With Monday, Oct. 5 being International World Teachers Day and in recognition of the key role that educators play in children’s lives, the personal finance website WalletHub conducted an in-depth analysis of 2015’s Best and Worst States for Teachers.
In order to help educators find the best teaching opportunities in the country and draw attention to the states needing improvement in this regard, WalletHub analyzed the 50 states and the District of Columbia across 13 key metrics, ranging from average starting salary to unemployment rate to the projected number of teachers per student by 2022.
Most educators don’t pursue their profession for the money. But that doesn’t justify paying teachers any less than they deserve, considering the profound difference they make in people’s lives. In reality, however, teachers across the U.S. are shortchanged every year — their salaries consistently fail to keep up with inflation — while the law demands they produce better students.
It’s no surprise that the high turnover rate within the field has been likened to a revolving door. According to the National Center for Education Statistics, about a fifth of all newly minted public-school teachers leave their positions before the end of their first year. And nearly half of them never last more than five.
Besides inadequate compensation, other problems persist in the academic environment. Many teachers, especially novices, transfer to other schools or abandon the profession altogether “as the result of feeling overwhelmed, ineffective, and unsupported,” according to Association for Supervision and Curriculum Development. Without good teachers who are not only paid reasonably but also treated fairly, the quality of American education is bound to suffer.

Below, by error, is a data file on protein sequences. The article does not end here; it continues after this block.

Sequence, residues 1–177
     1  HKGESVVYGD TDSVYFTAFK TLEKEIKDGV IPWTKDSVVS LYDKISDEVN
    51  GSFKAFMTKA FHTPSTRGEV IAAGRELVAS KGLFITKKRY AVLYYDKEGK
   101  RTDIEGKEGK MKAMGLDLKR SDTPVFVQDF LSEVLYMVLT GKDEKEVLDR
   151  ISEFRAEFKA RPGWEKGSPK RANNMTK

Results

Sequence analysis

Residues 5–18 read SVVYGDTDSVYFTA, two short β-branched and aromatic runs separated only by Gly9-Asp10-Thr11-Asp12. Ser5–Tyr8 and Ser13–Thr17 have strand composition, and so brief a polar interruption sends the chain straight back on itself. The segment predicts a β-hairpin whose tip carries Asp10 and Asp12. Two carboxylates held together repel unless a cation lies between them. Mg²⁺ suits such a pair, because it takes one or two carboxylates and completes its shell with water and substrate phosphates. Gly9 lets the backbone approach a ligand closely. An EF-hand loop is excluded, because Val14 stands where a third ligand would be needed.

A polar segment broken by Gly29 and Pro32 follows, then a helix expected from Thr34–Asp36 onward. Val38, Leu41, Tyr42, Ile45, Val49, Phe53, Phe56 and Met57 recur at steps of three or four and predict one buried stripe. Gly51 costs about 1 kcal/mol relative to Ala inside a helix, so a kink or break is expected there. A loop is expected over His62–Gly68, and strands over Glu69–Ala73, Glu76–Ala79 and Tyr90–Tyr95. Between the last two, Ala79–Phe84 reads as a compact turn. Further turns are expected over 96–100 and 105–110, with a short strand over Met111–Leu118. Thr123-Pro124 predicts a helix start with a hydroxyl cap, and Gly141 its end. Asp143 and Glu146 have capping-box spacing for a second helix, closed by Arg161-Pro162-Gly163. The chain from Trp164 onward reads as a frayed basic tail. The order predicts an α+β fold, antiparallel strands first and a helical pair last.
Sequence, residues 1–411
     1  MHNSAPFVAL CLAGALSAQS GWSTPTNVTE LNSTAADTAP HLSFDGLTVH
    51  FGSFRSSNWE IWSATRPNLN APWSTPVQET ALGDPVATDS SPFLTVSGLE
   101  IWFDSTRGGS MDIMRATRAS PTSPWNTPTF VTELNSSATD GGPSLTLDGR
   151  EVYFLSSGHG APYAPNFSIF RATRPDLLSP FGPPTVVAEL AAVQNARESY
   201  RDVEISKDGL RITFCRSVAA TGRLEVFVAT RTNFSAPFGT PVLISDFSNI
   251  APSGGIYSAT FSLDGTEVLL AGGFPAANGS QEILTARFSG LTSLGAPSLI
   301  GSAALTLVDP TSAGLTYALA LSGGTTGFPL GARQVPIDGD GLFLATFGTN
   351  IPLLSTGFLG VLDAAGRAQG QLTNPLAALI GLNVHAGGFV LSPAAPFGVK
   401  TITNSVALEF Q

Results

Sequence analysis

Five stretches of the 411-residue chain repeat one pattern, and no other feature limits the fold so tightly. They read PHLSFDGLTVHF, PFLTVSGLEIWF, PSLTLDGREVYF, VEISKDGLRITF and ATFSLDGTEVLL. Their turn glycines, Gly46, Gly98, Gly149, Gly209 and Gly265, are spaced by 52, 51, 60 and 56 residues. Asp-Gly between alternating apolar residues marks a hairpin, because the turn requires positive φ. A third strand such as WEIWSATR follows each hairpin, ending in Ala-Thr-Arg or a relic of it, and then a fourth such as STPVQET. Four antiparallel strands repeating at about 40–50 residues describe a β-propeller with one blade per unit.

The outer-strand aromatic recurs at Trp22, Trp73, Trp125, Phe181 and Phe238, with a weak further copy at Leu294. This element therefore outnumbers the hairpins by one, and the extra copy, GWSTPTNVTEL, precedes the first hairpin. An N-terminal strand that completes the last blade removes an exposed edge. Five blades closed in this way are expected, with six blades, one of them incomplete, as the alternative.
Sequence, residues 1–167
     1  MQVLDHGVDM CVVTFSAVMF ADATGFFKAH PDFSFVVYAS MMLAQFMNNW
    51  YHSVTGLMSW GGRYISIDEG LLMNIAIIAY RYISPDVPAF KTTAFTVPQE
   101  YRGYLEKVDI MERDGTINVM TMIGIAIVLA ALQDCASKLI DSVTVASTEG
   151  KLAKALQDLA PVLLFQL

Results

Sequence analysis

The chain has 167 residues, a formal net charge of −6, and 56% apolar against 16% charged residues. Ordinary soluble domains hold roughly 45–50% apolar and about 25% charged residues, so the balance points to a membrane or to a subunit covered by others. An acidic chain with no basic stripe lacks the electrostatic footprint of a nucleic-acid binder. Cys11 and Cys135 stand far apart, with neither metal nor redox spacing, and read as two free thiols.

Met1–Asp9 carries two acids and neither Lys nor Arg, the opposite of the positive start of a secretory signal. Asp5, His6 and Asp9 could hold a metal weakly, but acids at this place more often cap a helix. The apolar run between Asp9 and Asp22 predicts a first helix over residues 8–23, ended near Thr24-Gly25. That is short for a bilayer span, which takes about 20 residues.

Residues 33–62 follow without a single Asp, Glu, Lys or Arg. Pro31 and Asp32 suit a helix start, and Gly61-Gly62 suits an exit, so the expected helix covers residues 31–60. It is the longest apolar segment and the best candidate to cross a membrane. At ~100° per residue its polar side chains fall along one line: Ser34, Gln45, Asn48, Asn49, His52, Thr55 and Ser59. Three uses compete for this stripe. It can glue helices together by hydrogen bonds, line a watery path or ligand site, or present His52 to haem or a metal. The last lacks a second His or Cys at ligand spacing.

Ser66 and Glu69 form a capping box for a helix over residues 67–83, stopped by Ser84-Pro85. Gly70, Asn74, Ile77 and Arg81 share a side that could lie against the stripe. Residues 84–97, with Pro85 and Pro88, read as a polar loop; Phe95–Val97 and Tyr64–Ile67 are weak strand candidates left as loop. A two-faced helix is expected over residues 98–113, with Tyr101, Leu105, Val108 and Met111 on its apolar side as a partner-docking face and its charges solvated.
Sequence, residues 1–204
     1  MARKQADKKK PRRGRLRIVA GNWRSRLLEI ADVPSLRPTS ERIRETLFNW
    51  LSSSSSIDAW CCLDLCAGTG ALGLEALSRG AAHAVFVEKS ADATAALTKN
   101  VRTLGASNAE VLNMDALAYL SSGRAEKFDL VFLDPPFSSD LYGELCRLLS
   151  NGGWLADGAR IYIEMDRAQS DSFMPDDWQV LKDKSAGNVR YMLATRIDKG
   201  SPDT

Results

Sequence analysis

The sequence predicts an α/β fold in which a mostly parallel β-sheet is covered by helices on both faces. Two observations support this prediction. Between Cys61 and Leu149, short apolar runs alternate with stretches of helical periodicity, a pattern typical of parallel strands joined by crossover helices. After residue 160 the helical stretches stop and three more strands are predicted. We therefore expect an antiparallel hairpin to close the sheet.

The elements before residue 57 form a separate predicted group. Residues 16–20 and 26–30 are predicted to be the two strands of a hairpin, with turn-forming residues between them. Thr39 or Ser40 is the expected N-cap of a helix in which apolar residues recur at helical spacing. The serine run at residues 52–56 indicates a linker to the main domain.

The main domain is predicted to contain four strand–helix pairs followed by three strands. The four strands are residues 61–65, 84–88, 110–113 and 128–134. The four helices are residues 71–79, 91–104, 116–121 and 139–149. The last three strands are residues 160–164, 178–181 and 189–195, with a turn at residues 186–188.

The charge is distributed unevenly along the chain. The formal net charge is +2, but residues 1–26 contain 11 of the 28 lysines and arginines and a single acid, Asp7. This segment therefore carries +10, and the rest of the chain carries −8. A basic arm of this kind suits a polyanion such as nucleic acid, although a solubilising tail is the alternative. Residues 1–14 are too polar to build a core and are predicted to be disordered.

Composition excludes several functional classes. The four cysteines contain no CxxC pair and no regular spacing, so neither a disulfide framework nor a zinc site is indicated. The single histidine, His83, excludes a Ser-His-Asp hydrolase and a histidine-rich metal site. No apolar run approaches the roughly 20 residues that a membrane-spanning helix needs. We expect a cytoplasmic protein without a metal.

In order to help ease the process of finding the best teaching opportunities in the U.S. — and draw attention to the states needing improvement — WalletHub conducted their study. Their data also included how states perform in funding their school systems and how they compare to one another.
You may wonder a bit about their findings when they rated Minnesota third best and Wisconsin seventh best in spite of what Gov. Scott Walker’s Act 10 did to collective bargaining for public employees five years ago.
In their ranking of “Job Opportunity & Competition” Minnesota came in 3rd again, Wisconsin 8th. In their “Academic & Work Environment” rating Minnesota came in 10th to Wisconsin’s 8th place.
Wisconsin came in 4th in “Best Schools Systems Ranking” and Minnesota didn’t make the top 5.
The states with highest annual salaries (adjusted for cost of living) for teachers were 1-Michigan, 2-Illinois, 3- Pennsylvania, 4-Wyoming, 5- Massachusetts.
Among statistics were:
- The average starting salary for teachers is two times higher in Wyoming than in Hawaii.
- The median annual salary for teachers is two times higher in Michigan than in Hawaii.
- The projected number of teachers per student by year 2022 is three times higher in North Dakota than in Nevada.
- The pupil-to-teacher ratio is two times higher in California than in Vermont.
- Public school spending per student is three times higher in Vermont than in Arizona.
The results of the study, as well as additional insight from experts and a detailed methodology, can be found at: wallet hub.com/edu/best-and-worststates-for-teachers/7159/